Trade Cases

Leibowitz on Trade: “Not Completely Bereft of Logic”

Written by Lewis Leibowitz

Eyes often glaze over when trade lawyers talk about the intricacies of antidumping law to what lawyers sometimes patronizingly call “laymen.”  With a clear understanding of that risk, today’s piece dives into a recent decision by the Court of International Trade dealing with the Commerce Department’s treatment of Section 232 duties on steel in antidumping cases that should be of considerable interest to U.S. importers and traders of steel and aluminum, and of other products that may be subject to “national security” duties.

About half of antidumping duty orders are imposed on steel products. The duties are assessed on the difference between the “normal value” of covered product and the U.S. price paid for the goods (this is very much oversimplified to focus the reader on today’s issue). 

Under the unique U.S. system of “retrospective” assessment of these duties, the amount of the antidumping duty will not be finally determined until years after the import shipment. The cash deposit paid at entry is just a down payment and may not be the final antidumping duty. These deposits are held by Customs. If the specific import sales are reviewed later, Commerce will calculate the final duties, which can go up or down based on the Commerce determination of the U.S. price (“export price”) and normal (foreign) value of each sale. Then Commerce instructs U.S. Customs to assess the final duties on the shipments based on the results of the review. If the final duty is higher than the amount deposited, Customs will collect the difference. If the final duty is lower, Customs will refund the difference.

When Commerce calculates the antidumping margin on these sales, the agency will “adjust” the prices. One adjustment is to reduce the U.S. price side of the equation by the amount of “import duties” before that price is compared to normal value. 

Antidumping duties are not deducted from the export price, because they are not available until the review is completed, and because deducting antidumping duties from a calculation of antidumping duties would multiply the duties illogically. When the “safeguard” duties on steel went into effect, Commerce determined not to deduct those duties (Section 201 duties) from the U.S. price, rejecting arguments from domestic steel interests advocating the deduction.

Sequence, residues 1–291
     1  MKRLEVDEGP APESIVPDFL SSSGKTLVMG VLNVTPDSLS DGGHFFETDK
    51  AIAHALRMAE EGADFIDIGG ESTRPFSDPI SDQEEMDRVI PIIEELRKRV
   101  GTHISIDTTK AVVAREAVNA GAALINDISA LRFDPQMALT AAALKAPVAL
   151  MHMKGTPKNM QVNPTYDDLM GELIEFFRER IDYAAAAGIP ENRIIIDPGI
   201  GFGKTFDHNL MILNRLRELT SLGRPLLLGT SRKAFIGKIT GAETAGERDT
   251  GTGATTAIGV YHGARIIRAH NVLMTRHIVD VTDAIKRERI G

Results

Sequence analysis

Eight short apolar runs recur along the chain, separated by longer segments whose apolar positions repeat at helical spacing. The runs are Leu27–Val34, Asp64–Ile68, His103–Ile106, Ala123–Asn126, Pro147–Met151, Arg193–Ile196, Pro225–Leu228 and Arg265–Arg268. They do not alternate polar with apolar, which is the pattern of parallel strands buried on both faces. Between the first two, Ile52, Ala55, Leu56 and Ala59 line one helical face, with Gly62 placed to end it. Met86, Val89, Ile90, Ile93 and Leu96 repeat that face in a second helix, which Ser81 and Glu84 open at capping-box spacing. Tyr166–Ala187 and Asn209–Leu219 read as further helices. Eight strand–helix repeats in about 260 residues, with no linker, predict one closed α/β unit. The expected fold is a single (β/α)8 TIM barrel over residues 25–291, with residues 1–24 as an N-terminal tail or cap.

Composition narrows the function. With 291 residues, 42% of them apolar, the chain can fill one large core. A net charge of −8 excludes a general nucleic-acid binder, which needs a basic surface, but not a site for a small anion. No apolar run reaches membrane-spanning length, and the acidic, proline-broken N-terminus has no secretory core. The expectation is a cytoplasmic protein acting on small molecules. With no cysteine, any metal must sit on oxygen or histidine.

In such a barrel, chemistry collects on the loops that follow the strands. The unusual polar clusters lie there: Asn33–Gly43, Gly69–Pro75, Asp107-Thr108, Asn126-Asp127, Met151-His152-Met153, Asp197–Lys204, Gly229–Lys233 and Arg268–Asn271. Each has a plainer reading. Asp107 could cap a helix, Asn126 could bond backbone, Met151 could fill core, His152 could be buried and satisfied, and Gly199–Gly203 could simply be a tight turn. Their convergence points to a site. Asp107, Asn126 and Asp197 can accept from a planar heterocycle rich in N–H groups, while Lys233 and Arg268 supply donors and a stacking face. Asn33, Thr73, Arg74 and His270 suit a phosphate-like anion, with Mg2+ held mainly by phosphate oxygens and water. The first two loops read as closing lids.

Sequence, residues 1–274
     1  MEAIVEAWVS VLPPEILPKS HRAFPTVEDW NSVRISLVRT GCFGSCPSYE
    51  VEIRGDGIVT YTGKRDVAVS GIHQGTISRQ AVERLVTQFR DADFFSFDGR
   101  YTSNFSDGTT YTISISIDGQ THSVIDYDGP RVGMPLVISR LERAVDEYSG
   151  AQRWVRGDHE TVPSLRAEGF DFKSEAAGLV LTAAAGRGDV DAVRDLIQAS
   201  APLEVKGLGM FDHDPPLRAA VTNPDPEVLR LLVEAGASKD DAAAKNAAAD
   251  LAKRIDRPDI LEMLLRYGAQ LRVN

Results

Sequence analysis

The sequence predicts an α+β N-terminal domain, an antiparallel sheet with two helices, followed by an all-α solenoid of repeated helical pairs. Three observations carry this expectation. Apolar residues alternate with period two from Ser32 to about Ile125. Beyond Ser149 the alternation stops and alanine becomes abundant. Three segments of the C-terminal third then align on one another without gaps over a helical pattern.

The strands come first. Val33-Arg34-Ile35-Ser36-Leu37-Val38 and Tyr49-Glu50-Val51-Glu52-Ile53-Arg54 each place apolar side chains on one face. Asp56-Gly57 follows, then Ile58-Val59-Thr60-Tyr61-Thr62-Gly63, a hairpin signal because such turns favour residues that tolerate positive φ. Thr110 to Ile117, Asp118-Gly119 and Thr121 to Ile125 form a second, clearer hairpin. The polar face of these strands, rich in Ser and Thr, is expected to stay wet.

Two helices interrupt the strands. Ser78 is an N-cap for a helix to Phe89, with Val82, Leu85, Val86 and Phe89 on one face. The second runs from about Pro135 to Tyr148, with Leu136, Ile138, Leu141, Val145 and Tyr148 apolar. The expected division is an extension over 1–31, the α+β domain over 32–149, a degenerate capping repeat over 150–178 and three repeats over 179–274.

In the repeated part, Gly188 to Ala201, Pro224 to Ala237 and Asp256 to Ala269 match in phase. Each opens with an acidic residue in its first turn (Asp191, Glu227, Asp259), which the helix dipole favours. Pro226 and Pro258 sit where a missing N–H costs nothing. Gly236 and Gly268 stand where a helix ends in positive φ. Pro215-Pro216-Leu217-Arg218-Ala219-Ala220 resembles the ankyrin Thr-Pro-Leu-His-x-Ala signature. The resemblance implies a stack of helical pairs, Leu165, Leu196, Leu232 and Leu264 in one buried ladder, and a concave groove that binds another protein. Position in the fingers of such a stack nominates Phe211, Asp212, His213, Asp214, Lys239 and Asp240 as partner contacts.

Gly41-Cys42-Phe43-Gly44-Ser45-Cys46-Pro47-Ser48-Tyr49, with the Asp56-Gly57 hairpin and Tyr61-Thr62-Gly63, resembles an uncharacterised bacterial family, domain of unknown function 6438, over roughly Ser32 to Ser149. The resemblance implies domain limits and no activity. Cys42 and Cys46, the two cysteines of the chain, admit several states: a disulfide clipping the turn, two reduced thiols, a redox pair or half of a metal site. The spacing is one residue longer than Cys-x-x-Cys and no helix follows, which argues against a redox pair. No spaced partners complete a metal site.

The Court of International Trade case last week sustained a Commerce decision declaring that Section 232 duties should be deducted from the U.S. price. Commerce reached this decision in 2019 in an antidumping review of carbon steel welded pipe during the Trump administration. Importers in the review argued that Commerce should follow the Section 201 precedent and not deduct Section 232 duties from the U.S. price, but Commerce disagreed. The importers challenged this decision by filing suit in the Court of International Trade.

In its opinion, the court reviewed the Commerce determination to treat Section 232 duties differently from Section 201 duties. Commerce looked at three factors—(1) whether they are “remedial,” (2) whether they are “temporary”, and (3) whether deducting the duties would result in a “double remedy,” or a doubling of duties. In treating Section 232 duties differently from the earlier decision on Section 201 duties, Commerce concluded, first, that Section 232 duties differ from Section 201 duties because the former, unlike the latter, are not “remedial.” They are based on national security grounds rather than helping the affected domestic industry adjust to the realities of import competition. 

Concerning the second factor (whether the duties are “temporary”), Commerce determined that, because the president could only impose the duties for a maximum of five years under Section 201, and Section 232 duties could (but need not) last forever, Section 232 was not “temporary.”